# Rolling one coin round another

 Think about this puzzle first, before trying it. You have two coins of the same size touching. Keep the right-hand coin still (put a finger on it, perhaps). Roll the left hand round the right one, keeping them touching all the time, until it ends up on the other side, on the right. One coin hasn't moved. Which way up will the other coin be? You could reason like this: The moving coin travels round half of circumference of the still one. This means that it also travels half its own circumference, so will end up upside down. Is this true? Try it! Click on 'Roll coin'. No, it isn't! The moving coin ends up the same way up it started. Why? There are several ways to look at this.

 The picture on the right is a single coin rolling in a straight line for the same distance. Trying rolling it, then click on 'Path of coin' for both pictures. You can see how different the paths are. With two coins, the path is a semi-circle, and you could think of it as flipping the coin over. The 'flip' makes it the original way up again. You get fooled because the moving coin is actually moving relative to the still coin. Try clicking of 'Both paths'. You could move the coins so they both moved (imagine them as cogwheels for example). Then if they moved the same amount, they would both end up upside down. But one stays still. The movement is transferred to the other one, so it ends up doing two semi-circles, making it end up the same way up.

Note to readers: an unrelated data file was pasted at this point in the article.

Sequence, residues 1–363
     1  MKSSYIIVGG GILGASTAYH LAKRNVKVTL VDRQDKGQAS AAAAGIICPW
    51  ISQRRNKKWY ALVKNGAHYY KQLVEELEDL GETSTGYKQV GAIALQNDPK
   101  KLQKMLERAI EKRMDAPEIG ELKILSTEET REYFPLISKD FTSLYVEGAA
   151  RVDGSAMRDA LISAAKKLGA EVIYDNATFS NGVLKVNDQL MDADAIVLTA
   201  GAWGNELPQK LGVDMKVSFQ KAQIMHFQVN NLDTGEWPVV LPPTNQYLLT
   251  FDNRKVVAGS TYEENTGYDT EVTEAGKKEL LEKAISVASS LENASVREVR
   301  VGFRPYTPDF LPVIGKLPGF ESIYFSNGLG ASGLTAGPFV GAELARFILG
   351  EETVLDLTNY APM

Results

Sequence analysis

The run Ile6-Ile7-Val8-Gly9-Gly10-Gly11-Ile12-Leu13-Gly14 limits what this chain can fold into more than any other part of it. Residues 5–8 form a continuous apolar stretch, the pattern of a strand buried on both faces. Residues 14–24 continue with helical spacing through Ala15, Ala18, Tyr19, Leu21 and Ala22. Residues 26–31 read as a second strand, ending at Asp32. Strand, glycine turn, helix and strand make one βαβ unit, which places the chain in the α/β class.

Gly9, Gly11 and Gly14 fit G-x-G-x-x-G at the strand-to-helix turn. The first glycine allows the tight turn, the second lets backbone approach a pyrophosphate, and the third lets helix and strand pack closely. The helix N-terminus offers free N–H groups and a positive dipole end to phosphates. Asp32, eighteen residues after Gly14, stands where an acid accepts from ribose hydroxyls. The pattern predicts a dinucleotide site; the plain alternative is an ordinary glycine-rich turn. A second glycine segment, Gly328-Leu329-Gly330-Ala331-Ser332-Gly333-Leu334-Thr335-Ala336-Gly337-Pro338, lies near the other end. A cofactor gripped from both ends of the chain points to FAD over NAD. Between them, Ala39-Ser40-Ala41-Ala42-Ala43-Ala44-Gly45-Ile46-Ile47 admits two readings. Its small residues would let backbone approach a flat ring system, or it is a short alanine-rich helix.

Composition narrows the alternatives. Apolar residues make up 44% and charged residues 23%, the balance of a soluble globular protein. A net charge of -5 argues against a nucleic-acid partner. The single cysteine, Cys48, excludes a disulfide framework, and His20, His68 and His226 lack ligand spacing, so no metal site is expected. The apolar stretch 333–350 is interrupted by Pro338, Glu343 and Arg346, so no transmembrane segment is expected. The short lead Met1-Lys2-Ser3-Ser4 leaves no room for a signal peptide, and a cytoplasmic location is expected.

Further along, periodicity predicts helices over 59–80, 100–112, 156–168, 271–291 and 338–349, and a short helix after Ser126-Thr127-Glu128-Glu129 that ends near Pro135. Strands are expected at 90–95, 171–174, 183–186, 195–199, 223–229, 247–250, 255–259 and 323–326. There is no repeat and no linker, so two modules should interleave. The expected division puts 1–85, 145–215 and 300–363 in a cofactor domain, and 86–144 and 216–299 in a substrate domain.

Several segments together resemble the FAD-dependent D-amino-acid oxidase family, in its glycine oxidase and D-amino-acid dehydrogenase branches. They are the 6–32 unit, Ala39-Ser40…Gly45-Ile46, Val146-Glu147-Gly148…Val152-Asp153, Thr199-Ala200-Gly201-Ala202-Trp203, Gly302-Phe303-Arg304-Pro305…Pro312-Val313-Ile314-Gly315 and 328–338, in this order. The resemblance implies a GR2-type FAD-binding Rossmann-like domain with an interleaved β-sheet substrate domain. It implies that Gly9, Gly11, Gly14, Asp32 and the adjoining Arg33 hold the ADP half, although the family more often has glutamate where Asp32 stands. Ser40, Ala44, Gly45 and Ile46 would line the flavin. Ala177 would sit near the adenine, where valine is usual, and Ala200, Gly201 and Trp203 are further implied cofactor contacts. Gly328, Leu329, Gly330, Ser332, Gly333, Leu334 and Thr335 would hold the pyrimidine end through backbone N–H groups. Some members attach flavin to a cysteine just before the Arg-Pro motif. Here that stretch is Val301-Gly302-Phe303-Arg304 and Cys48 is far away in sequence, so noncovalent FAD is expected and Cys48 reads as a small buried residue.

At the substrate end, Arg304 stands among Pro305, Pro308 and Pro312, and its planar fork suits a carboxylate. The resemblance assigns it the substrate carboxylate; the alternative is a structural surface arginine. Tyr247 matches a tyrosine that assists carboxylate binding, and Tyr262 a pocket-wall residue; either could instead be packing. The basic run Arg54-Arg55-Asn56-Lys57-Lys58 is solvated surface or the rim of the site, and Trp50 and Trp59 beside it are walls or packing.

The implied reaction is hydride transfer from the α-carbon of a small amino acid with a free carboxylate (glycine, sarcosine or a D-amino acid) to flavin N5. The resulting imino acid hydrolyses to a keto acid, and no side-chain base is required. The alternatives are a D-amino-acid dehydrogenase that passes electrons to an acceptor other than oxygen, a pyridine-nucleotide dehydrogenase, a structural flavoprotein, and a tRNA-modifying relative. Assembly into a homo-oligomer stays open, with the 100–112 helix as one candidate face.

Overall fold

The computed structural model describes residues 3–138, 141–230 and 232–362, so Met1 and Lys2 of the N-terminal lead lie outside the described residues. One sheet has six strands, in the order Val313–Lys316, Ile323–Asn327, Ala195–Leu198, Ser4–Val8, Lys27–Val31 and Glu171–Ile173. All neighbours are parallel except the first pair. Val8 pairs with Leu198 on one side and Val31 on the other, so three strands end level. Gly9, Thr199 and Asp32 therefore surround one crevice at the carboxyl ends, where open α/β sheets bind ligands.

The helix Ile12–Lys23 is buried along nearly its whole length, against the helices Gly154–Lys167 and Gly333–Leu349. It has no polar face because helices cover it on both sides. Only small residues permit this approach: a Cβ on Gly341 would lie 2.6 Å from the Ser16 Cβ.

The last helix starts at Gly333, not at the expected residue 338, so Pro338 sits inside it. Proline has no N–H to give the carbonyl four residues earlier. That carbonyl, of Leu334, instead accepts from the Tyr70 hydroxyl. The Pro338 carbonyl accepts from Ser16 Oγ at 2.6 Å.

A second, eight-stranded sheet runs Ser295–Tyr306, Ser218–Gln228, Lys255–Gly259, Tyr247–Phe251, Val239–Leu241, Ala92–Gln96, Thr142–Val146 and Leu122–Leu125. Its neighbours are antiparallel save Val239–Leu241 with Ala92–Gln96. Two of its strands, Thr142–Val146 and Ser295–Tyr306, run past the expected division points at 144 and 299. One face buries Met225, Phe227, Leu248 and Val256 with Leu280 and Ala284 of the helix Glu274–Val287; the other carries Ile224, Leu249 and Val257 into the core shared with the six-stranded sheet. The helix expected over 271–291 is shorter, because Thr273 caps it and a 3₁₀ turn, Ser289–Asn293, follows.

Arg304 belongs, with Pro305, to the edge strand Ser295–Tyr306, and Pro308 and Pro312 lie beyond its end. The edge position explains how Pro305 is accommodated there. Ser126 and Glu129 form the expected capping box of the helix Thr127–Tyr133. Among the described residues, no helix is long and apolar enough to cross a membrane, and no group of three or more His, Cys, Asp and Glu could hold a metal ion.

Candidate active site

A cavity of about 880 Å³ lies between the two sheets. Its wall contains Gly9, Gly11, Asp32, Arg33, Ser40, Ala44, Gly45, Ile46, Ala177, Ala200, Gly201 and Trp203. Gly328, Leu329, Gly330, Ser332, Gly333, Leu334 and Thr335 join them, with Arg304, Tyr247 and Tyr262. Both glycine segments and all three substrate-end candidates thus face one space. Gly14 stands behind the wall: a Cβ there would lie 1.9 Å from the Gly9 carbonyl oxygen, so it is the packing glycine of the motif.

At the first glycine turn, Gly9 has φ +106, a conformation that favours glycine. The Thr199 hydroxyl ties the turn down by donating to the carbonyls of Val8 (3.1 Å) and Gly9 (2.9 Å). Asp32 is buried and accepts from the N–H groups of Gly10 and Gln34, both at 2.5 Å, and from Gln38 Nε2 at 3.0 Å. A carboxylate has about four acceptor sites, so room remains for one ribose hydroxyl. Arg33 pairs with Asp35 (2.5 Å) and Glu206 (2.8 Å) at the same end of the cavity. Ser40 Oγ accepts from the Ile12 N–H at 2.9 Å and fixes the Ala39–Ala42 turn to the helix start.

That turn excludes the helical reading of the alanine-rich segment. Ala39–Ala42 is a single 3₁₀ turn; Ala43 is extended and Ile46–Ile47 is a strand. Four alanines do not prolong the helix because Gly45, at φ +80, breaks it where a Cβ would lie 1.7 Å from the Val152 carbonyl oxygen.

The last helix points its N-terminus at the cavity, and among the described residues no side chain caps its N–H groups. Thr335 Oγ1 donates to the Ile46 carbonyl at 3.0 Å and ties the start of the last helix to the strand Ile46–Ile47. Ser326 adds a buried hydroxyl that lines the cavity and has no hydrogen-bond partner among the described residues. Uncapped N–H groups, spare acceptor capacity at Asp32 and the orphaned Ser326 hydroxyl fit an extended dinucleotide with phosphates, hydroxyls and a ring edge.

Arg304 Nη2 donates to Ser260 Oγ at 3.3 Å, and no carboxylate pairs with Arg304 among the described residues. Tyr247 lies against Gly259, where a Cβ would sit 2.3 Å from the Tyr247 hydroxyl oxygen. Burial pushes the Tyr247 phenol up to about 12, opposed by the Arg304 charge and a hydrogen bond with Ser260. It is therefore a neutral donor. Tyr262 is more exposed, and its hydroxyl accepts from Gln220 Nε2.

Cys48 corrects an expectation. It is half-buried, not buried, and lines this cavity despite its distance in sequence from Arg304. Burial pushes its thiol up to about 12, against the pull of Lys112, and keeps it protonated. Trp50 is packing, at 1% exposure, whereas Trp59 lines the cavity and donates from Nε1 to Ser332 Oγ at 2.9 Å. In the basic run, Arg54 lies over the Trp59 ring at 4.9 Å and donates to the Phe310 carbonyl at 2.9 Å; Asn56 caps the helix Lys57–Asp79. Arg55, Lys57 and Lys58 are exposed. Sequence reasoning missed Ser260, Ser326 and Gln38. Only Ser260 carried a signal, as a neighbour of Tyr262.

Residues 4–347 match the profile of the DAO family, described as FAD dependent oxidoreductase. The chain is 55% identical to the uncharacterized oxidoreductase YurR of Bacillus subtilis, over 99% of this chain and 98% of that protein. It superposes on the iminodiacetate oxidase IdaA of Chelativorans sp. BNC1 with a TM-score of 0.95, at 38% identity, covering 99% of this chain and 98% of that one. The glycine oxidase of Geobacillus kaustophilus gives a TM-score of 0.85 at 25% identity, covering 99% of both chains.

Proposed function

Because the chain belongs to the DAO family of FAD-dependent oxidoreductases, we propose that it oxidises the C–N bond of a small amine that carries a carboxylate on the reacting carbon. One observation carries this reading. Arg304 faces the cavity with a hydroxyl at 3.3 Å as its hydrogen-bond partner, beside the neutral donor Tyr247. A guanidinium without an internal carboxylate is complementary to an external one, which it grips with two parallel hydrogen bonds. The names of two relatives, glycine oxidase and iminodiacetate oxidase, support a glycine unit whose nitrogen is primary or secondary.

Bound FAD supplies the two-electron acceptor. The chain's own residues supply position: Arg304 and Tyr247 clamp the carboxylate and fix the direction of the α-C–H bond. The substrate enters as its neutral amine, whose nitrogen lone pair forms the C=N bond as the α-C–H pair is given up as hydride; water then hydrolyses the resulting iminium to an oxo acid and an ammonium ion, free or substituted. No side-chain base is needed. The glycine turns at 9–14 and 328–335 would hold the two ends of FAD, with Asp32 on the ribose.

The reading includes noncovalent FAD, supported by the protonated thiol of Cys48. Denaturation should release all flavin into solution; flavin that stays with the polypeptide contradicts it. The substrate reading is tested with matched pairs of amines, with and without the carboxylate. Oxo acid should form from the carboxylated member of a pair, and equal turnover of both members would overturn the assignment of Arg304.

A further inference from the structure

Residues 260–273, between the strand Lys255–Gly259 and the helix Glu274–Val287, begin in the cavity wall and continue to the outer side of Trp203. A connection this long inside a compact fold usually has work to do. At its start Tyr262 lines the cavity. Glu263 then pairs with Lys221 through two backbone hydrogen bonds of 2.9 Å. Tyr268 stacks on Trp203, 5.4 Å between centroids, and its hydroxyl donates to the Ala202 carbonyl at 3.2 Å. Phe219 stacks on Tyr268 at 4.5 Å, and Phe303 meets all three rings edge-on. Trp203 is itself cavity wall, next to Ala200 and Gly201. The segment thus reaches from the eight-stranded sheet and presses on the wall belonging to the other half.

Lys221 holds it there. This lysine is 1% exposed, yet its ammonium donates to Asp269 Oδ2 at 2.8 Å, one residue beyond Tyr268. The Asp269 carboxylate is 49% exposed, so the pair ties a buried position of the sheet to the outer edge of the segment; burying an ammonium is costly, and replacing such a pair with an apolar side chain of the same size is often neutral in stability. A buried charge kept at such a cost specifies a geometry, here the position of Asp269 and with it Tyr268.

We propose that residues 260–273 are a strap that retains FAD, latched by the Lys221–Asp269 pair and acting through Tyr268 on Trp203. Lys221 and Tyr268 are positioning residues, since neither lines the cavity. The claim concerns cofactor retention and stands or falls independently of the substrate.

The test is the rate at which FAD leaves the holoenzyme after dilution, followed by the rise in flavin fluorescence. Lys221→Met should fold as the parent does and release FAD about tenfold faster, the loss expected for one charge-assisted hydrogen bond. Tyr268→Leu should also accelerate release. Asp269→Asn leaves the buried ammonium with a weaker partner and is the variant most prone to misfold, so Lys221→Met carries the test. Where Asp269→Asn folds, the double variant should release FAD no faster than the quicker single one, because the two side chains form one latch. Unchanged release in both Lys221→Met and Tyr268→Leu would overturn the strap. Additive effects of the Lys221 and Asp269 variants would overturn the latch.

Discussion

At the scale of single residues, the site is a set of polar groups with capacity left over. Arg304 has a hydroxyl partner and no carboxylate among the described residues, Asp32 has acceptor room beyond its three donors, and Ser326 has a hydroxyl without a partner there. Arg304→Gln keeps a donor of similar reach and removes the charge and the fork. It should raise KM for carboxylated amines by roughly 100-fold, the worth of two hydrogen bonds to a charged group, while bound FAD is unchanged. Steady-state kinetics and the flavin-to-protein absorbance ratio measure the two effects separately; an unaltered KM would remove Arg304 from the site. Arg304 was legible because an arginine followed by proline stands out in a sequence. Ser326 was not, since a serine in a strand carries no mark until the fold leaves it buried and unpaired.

Another way to look at it is to think of the moving coin relative to the still one. Go back to the first picture and click on 'Before'. There is an arrow on the moving coin showing its oriantation relative to the moving one, pointing towards it. Now click on 'After'. The same arrow is now pointing away from the still coin. We think that the moving coin is the same way up, but the still coin 'thinks' that the moving coin is now upside down.

An intuitive grasp of how the world works is very useful for mathematics, but it does have its limits! We make assumptions and some of those assumptions are wrong. Here we are making a judgement based on straight lines when we are dealing with curves. Or we are seeing things from our point of view when we should be looking from the coin's point of view.

Of course, you could just look at this as a puzzle for fooling other people! You don't need a webpage, just a couple of coins the same size.